Not only will it give you some real insight into the working world, bit it’ll also give you a chance to try out a few different industry options if you’re still feeling pretty undecided on your career path.
Choosing work experience that relates directly to your degree is a great place to start, but you shouldn’t rule out the idea of trying something a bit different if you’re tempted.
This is the perfect time to dabble in other areas without too much commitment, and having a broad spectrum of experience on your CV is more valuable than you perhaps think.
We’ve collected just some of the more common career areas of interest and how to get work experience in these fields – just to get you started.
If you’re studying teaching, then you probably already have to do work experience placements as part of your course.
However, it doesn’t hurt to boost your CV with a bit more experience, and it looks great if you’ve taken a bit of initiative to go beyond what’s expected of you.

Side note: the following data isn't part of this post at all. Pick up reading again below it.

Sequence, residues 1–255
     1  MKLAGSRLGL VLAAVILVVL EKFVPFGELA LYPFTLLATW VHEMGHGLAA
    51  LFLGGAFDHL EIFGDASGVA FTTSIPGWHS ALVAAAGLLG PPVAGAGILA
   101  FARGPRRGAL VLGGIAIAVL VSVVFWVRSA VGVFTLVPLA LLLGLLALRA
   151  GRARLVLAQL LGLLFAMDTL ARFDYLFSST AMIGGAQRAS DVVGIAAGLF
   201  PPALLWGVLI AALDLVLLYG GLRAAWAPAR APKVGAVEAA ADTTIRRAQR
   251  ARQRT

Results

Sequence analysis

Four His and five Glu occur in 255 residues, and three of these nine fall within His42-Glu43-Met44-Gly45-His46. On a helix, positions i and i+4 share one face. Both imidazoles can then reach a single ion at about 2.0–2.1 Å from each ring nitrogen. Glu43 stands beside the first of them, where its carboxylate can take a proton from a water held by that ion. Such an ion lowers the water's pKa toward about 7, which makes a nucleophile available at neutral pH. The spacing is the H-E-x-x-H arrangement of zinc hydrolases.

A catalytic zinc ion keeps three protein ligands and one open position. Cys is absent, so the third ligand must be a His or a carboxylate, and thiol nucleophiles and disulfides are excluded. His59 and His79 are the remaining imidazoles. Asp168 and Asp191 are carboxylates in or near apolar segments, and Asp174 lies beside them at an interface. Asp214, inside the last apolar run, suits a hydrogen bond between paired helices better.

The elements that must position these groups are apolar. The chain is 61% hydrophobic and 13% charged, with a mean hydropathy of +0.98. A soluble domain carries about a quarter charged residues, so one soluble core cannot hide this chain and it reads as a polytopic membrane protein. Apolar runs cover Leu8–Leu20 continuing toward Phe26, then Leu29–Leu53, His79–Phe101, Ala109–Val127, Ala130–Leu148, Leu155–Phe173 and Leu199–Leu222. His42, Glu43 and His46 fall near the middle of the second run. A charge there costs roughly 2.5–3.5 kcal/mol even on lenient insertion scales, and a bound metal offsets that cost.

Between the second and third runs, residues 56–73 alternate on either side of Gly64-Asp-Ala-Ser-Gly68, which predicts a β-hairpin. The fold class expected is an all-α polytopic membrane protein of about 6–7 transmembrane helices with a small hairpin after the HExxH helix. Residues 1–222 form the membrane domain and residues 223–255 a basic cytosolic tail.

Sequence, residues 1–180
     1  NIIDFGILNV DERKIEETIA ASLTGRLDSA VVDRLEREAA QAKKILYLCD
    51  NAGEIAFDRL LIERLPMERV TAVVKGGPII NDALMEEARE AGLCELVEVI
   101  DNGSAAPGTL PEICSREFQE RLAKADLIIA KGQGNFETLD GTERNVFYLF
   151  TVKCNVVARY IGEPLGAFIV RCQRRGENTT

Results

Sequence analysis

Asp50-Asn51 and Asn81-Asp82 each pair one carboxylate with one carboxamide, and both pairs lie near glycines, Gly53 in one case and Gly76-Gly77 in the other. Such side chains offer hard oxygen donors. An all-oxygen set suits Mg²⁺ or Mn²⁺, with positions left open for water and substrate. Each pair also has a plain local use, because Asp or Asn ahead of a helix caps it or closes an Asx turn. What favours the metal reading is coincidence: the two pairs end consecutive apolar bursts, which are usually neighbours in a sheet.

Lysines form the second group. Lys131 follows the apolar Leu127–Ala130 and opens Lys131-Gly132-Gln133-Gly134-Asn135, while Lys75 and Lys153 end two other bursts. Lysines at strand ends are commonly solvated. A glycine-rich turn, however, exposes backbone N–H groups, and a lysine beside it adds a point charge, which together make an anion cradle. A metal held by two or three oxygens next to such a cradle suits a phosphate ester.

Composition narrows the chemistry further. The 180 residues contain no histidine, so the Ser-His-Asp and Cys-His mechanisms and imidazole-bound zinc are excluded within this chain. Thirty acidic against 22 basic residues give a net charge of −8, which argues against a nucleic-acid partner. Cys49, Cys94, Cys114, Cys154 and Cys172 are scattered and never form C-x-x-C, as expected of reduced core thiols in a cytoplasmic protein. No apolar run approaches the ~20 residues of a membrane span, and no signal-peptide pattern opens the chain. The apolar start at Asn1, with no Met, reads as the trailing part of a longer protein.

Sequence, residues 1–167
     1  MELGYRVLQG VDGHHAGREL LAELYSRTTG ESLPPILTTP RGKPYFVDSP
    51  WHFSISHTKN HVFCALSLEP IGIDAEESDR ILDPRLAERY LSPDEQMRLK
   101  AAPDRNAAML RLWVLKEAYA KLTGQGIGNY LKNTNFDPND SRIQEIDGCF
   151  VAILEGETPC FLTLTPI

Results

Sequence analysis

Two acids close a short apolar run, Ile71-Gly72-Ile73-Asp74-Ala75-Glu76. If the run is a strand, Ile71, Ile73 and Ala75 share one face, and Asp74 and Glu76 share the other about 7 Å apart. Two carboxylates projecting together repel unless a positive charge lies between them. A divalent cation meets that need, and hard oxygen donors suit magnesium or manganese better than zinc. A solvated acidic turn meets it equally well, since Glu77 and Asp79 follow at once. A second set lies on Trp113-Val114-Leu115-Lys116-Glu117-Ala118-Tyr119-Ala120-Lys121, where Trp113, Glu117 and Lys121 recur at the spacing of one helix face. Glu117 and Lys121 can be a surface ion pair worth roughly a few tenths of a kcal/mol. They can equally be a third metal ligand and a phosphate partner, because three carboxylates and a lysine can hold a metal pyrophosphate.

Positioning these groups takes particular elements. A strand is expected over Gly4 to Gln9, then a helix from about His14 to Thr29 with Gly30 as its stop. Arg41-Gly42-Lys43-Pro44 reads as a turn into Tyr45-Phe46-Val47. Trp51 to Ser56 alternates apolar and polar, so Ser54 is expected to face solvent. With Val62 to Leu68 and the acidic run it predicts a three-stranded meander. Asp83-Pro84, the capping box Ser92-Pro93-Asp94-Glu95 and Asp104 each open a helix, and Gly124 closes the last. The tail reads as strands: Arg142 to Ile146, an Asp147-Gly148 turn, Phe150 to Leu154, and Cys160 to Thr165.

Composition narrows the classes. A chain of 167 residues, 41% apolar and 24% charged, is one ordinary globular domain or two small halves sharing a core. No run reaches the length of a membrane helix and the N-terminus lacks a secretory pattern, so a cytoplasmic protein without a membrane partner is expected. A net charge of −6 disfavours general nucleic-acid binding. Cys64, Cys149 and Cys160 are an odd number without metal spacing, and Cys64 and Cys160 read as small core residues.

Contact schools directly as most will welcome a helping hand, particularly with after school care etc. Try reaching out to your own school as a starting point, as if they already know who you are, this can really work in your favour.
If you’re struggling to get classroom experience, another option is to volunteer for play schools, scouts, football clubs etc. or even start working as a tutor. If you have good grades then tutoring gives you the chance to earn some pennies and get experience working with children – which of course is key for a career in teaching.
Employers looking to recruit students in marketing, advertising, and PR are looking for confident, outgoing, and social people who are great communicators.
The best way to demonstrate these skills is to get involved in things like uni clubs, student newspaper/ radio (shows knowledge of media and good communication skills) and also see if you can get any experience in events.
PR and marketing positions often require lots of collaborative work and great organisational skills to work to tight deadlines, so organising charity events at uni, for example, would be a great way to gain some experience.
Promo jobs like flyering for nightclubs or bars are quite accessible to students and help demonstrate your confidence, sales skills, and ability to promote a campaign.